Figure 4: The holder for the nuts
As you can see in picture four, the space inside the C-beam is filled out by the holder for the nut. The holder was machined on our modified Esel EP 1090 (it now runs on grbl). So 12mm was the maximum we could pack into a c-beam. In hindsight we probably should have used ACME-Screws with the same diameter.
The motor current on the drivers is set to the maximum of 7,8 Amps
1 2 3
OFF OFF OFF
and Microstepping is set to 2.
5 6 7 8
ON ON ON ON
3.4 Controller board
The machine is running of TinyG2core version 101. It runs on an Arduino due. All outputs and inputs of the Due are protected via Optocouplers. These furthermore serve as level shifters. The connections are all following the wiring suggested on the official wiki page of tinyG2 and can also be found in the Wiring Diagram. Due to the sad fact, that the Due doesn´t have an EEPROM, we have to send all commands on every startup. Here is the list of the current configuration:
$ej=0 //Enable text mode
$1mi=2 //Microstepping: 2
$1tr=3 //Travel per Revolution: 3mm
$lim=1// activate limit switches
$di1mo=1 // Xmin limit switch activated. Set to active hi (NC)
$di1ac=1 // Stop when hit
$di1fn=1 // Use as limit switch
$di2mo=1 ; Xmax
$di3mo=1 ; Ymin
$di4mo=1 ; Ymax
$di5mo=2 ; Zmin - disabled
$di6mo=1 ; Zmax
$xsv=500 // 500mm/min homing speed
$xtm=1168 //Max travel X-axis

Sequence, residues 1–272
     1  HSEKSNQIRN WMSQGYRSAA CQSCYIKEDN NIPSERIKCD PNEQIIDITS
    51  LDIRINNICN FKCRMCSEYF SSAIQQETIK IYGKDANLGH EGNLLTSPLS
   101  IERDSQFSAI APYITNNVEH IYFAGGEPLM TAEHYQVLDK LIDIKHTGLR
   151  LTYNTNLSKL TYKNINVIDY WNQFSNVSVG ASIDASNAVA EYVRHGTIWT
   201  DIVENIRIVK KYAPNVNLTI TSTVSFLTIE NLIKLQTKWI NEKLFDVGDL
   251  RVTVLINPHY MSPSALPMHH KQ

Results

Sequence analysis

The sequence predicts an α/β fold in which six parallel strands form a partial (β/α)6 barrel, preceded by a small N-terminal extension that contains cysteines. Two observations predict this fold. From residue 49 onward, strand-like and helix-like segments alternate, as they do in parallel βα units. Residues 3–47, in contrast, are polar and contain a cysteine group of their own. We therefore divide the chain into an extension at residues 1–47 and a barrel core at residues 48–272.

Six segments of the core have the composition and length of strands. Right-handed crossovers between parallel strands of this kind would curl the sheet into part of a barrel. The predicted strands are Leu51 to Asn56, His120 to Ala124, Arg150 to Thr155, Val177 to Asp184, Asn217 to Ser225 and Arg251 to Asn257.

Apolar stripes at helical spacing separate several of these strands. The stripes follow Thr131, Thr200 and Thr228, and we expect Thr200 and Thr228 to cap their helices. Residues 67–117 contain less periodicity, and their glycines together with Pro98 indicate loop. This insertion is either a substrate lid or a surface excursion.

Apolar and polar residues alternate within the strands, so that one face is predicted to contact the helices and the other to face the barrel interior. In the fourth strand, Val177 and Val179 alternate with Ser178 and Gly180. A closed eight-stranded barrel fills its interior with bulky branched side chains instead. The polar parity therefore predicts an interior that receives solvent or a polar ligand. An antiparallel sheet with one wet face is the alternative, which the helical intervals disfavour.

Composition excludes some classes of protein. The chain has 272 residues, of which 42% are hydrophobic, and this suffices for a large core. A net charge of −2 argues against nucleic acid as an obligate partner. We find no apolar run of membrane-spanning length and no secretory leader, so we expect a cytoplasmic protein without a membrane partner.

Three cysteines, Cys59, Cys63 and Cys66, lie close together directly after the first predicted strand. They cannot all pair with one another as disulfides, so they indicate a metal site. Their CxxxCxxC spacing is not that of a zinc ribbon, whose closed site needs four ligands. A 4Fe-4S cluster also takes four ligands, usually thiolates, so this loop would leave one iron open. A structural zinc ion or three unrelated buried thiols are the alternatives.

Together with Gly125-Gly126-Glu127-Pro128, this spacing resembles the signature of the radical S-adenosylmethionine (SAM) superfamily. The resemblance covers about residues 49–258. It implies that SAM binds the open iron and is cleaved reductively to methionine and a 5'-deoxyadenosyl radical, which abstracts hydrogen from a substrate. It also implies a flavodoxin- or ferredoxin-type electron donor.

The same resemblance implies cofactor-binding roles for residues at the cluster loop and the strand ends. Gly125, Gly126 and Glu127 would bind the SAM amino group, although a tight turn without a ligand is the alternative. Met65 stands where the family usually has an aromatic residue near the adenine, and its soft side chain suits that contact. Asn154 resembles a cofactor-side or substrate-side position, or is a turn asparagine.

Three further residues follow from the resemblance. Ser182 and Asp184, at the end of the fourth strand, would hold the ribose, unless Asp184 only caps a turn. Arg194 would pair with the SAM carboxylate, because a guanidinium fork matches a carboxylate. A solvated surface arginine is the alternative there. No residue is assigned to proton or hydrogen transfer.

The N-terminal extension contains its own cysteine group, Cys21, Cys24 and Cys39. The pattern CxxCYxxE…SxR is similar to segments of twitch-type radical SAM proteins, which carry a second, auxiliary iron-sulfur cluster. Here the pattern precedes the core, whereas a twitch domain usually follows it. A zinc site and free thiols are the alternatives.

We are running it with CNCjs and had no problems till now. Every command entered will be validated. We use the left USB-Port on the DUE and it will show up as a Microsoft Serial USB-device.
Figure 5: Example of a valid command
Figure 6: Spindlemount with adapter plates
We use a 1,5 kW china spindle for milling. It is air-cooled and running of a Variable-frequency drive. This allows for a smooth speed control. In comparison to a router (e.g. the typical DeWalt one), it was also easier for us to mount and is pushing more power. The mounts for the spindle had to be bolted to adapter plates we made from 5mm aluminium. There is no plan for these, because it was just some holes. The modification of the plug for the spindle an extra part.
3.6 Motor mounts
The motor mounts are custom designed and machined. We made them on our modified ESEL EP 1090 (running of GRBL).
Figure 8: The motor mount without motor
As you can see in the picture they actually serve three purposes:
1. They are connecting elements in the frame
2. The bearings take axial load out form the trapezoidal screw, so that it doesn’t destroys the bearings in the motor. In hindsight we learned from a “This Old Tony”-video, that there exist tapered roller bearings, which would have been the better choice here.
Figure 9: The motor mounted with the stainless steel tubes